As Bets Are Placed On NFL Playoffs, A Local Recovering Gambler Shares His Story

The Houston Texans failed to make it into the NFL playoffs for yet another year. But that won't keep a lot of people in the Houston area from placing bets on the playoffs, along with the Super Bowl. While you might think this is the most exciting time of the year for sports gamblers, it actually isn't. David Pitman talked with a recovering gambler to find out why.

Hugo is a 44-year-old native New Yorker who has lived in Houston since grade school.  He says back when he bet on football, it wasn't the playoffs or the Super Bowl he really looked forward to, it was the first week of the NFL season.

"Week one, everyone's excited.  Everyone wants their team to win, and there's that many more propositions.  There's 15 games compared to 4 games.  There's that many more totals.  And the college (season) has already started up and so there's about 30 games in college."

It was actually a college game that started Hugo on the path to becoming a gambler.  He was attending Spring Oaks middle school when he placed a bet with a teacher from a seminary on the 1978 Cotton Bowl.

"The adult was talking about how UT was number one, and they were gonna win.  And I thought Notre Dame was gonna win.  And I bet him five dollars, when everyone else was betting quarters — I wanted to win big.  I did win, never got paid.  But I thought from then on, this would be an easy source of money because I knew sports, and I could just make extra money."

Hugo says he didn't have many opportunities to gamble during high school.  But things really started to pick up when he went to UT, where he easily found bookies happy to accept wagers on football games.  After college, he hooked up with a bookie who handled not only football, but basketball and baseball games, as well.

"And so that enabled me to just get into the throes of gambling.  And when I wanted to change it up, go to Vegas or go to the horse track — but always looking for the action."

That quest for action dominated his life.  Hugo says as soon as he got up in the morning, he would start researching point spreads and totals, injury reports, and even what the weather was going to be like on game day.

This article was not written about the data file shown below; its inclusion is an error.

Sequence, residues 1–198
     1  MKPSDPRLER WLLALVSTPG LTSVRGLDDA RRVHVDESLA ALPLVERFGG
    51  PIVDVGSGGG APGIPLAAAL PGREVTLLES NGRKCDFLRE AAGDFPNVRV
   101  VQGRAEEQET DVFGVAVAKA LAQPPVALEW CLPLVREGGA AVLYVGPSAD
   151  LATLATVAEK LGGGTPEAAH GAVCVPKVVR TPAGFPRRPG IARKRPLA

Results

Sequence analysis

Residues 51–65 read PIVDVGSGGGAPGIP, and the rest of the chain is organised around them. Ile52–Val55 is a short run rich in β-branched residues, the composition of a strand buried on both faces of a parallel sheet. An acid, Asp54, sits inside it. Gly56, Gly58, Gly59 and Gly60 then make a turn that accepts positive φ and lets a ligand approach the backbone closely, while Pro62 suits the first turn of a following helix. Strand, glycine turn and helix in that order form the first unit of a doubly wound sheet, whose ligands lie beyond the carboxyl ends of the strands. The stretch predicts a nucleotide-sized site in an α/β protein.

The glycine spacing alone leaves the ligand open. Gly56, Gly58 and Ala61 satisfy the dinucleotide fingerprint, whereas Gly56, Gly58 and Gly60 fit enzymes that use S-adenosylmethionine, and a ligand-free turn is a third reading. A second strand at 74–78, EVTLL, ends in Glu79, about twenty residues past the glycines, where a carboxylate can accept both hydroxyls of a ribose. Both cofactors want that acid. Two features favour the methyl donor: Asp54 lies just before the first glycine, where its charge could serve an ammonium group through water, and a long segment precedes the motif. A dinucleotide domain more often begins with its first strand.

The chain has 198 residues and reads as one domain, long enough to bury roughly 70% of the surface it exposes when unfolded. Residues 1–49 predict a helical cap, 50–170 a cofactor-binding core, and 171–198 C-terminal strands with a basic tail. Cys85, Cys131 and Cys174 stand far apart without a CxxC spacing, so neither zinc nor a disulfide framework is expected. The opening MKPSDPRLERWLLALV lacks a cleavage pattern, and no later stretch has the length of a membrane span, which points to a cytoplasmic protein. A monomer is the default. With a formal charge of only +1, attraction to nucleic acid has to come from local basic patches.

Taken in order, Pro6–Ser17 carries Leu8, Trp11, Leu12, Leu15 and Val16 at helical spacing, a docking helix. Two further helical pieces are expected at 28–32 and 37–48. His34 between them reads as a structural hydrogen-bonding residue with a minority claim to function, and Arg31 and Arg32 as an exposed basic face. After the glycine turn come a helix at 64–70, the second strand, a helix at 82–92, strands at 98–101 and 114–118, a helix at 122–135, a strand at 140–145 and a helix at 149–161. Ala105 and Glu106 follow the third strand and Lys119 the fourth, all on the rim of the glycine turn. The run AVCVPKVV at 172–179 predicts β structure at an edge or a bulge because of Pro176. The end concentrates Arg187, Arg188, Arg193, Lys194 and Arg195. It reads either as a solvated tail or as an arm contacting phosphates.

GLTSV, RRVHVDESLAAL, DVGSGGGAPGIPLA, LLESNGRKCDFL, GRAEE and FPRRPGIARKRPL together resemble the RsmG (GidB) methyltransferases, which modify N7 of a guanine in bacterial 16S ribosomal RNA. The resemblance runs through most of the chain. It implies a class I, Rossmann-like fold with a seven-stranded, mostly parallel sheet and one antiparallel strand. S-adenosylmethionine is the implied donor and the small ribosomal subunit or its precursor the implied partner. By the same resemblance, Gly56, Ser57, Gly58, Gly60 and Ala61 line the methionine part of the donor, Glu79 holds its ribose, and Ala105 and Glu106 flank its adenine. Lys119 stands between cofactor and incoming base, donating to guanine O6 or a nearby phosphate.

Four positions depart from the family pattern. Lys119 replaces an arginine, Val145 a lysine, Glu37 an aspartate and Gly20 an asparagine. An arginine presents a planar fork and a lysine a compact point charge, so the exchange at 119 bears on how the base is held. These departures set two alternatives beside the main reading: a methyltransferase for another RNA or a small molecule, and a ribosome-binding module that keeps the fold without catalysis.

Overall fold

"And then later on at night, I don't think you could even sleep well 'cause then you'd have to think about 'okay, how much money am I gonna have this week? Where am I gonna get the money?  Who am I gonna have to borrow from?  What credit card?'  And so you can never put 100% into your job, 100% into your relationship.  You can never be in the moment."

Hugo says he knew something had to change when he made it to his 30s without reaching the goals he'd set for his career or personal life. His recovery began with a 12-step group for alcoholics, and individual therapy.  He later realized that gambling was his primary addiction.  For the first two years of recovery, he watched no televised sports at all.  Today, he's gone ten years without placing a bet.

"I'm still a big sports fan.  I just don't watch the sports.  I don't keep track of the statistics.  I just try to enjoy little pieces here and there — enjoy sports, but don't get overly invested in it."

Hugo says recovery from gambling has freed enough time and money for him to get his masters degree, keep a long-term girlfriend, and buy a house.

If you have a gambling problem or know someone who does, please call 888.442.7105.

Bio photo of David Pitman

David Pitman

Local Host, Morning Edition

The one question David hears most often isn't "What is it like to work for an NPR member station?" or "Have you ever met Terry Gross?" (he has)...